Kudos to First Call partner Parent Support Services Society for taking a strong stance on corporal punishment. Responding to an article published on the front page of the Vancouver Sun, PSS executive director Carol Ross reminds readers that corporal punishment is child abuse. Read her letter
There is a lot of energy around ending physical punishment of children in Canada. Parent educator Kathy Lynn recently spoke to the Early Childhood Development Roundtable about this issue. She cited a new online resource, Corinne’s Quest, www.corinnesquest.ca, created in memory of Corinne Robertshaw, who worked to end physical punishment of Canada’s children.
The Public Health Agency of Canada shared with First Call the webpage What’s Wrong with Spanking? This resource describes the difference between spanking and discipline, explains why spanking doesn’t work and gives tips on what does work. You can print this page or write for copies of the free brochure.
On September 9, 2014, more than 60 people from across BC and Canada tuned in to the Living Wage for Families Campaign’s first webinar to learn how to calculate the annual living wage in their community.
With Catherine Ludgate of the Living Wage for Families Campaign moderating the webinar, Adrienne Montani of First Call gave a history of the campaign and suggested ways to find a local host to make the annual calculations. Iglika Ivanova of the Canadian Centre for Policy Alternatives (BC Office) then walked through the data required to develop a local table of family expenses and showed how to use the living wage calculation spreadsheet to determine the local living wage.
You can also learn more about how to calculate the living wage for your BC community through the CCPA’s Working for a Living Wage 2014 report page, where you’ll find their living wage calculation guide
According to an article in the Huffington Post by Chief Shining Turtle of the Whitefish River First Nation, “The federal government’s department of Aboriginal Affairs (AANDC) has informed 133 Ontario First Nations that it is cutting the National Child Benefit Reinvestment fund by over 50 per cent.”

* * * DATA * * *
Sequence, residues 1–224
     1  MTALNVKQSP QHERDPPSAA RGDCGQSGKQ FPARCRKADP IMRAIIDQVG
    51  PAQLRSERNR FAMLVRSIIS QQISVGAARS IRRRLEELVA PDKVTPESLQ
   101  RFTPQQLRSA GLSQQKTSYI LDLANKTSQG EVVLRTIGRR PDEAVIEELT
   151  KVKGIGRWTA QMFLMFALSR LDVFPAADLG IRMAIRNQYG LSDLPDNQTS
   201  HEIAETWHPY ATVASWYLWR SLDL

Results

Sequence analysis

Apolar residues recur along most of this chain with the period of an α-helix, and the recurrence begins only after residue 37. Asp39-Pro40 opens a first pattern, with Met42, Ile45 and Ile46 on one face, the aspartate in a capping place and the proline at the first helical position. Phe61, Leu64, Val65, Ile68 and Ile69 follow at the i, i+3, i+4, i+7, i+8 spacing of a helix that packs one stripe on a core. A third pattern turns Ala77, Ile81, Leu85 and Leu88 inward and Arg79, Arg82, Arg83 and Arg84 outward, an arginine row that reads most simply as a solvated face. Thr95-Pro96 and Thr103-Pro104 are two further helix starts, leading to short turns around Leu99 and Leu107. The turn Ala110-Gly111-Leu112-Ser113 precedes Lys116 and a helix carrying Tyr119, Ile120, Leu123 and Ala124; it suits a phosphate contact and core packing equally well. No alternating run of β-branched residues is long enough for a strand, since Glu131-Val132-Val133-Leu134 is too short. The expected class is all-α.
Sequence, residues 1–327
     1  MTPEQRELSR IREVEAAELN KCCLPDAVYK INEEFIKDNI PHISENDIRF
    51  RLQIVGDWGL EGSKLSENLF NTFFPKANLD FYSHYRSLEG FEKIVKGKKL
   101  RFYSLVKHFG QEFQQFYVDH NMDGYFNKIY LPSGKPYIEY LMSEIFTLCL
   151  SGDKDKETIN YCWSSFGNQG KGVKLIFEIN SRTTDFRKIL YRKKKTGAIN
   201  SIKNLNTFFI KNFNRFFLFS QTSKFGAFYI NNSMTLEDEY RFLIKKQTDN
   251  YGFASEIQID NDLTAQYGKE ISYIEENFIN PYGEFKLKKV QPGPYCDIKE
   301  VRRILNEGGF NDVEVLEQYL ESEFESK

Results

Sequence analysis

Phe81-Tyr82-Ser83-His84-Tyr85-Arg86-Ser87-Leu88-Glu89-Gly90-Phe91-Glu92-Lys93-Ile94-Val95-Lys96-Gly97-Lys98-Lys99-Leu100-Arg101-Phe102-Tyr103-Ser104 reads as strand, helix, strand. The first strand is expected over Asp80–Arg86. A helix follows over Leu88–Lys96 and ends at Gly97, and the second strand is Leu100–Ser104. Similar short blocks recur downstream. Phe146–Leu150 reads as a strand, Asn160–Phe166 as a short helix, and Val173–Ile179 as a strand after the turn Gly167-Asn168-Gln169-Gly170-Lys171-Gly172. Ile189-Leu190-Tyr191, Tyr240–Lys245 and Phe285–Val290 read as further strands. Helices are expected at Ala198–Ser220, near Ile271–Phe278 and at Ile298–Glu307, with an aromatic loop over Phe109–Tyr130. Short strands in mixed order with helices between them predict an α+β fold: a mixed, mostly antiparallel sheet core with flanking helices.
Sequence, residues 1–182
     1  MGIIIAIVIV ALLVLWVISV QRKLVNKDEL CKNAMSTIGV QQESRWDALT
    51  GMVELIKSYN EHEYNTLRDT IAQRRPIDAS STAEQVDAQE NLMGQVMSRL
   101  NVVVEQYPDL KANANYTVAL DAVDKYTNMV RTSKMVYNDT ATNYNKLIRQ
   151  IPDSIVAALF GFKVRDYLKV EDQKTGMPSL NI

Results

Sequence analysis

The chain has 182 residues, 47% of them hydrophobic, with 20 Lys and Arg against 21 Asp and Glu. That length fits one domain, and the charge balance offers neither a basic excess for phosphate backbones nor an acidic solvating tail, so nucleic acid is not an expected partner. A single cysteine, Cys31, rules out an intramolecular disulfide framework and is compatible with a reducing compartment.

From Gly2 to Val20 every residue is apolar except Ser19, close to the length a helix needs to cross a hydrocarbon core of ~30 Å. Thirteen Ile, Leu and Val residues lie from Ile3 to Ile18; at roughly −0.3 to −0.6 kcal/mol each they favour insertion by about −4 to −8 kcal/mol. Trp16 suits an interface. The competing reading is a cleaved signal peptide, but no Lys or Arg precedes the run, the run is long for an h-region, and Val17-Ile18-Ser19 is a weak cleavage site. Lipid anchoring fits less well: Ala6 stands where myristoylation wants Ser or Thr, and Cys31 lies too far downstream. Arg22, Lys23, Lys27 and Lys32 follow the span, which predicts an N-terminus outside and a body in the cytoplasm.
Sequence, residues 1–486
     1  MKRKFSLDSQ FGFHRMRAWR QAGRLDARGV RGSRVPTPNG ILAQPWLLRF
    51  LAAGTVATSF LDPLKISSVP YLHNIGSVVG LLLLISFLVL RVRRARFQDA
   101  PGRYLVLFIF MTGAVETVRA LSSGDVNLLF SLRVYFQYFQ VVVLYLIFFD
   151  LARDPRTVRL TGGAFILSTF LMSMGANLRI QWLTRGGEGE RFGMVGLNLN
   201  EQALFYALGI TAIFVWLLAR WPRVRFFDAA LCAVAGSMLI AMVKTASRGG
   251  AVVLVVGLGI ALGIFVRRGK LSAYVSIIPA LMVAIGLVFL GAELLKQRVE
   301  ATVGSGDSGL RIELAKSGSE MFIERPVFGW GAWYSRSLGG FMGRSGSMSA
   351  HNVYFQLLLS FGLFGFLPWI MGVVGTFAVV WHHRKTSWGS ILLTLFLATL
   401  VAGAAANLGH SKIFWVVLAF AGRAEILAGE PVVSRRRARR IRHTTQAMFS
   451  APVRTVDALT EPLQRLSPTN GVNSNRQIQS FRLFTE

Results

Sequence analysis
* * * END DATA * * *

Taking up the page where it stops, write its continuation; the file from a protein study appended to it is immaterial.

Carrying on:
They were informed of the cuts to the fund in April 2014, and in the letter, the federal government noted the “growing cost of elementary-secondary education, Ontario Works, and other supports” as the justifiication.
Chief Shining Turtle goes on to explain that “Last year, an independent study by the Canadian Centre for Policy Alternatives and Save the Children Canada based on Statistics Canada figures found that status First Nations children in Ontario – those who would be affected by these cuts – have a staggering poverty rate of 40 per cent, compared to 15 per cent for non-Indigenous children.”
Read what programs are affected in the full article
Openmindbc.ca is a cool resource site for doctors, parents, teachers and youth to learn more about mental health support services available in BC and Canada. Read about it in this article in Vancouver 24 Hours.
In related news, Island Health recently launched a mobile app called BoosterBuddy to help youth improve their mental health. Read about it in the Times Colonist: Mental health wins in mobile app developed by Island Health
Dr. Pamela Wolfberg and co-investigators Mila DeWitt, Gregory Young and Thanh Nguyen have published the results of a large-scale study, “Integrated Play Groups: Promoting Symbolic Play and Social Engagement with Typical Peers in Children with ASD Across Settings,” in the Journal of Autism and Developmental Disorders. Read more
Source: BCACCS E-News
The Nipissing District Developmental Screen (ndds) is an easy-to-use developmental checklist available to parents and health-care and child-care professionals working with infants and children up to six years of age. Use of this checklist proactively identifies problem areas in a child’s development. Early identification is the first step in early intervention.
The cost of the checklist is $1.99 + tax (or free for Ontario residents) for parents to register to receive the electronic version at the child’s appropriate age. There are 13 checklists and an email is sent once a child reaches a certain age (1-2 months, 4, 6, 9, 12 ,15, 18 and 30 months and 2, 3, 4, 5, 6 years). Sign up for a trial version
In celebration of the 25th anniversary of the UNCRC, the UN Committee on the Rights of the Child dedicated September 24, 2014, to speak with children under 18 from countries around the world. Sessions took place using Google+ Hangout and were broadcast live.
Check out the conversation on Twitter, Google + and Facebook using #CRC25
Visit this website to see the videos of youth sharing their views.
Source: SCY Child Rights News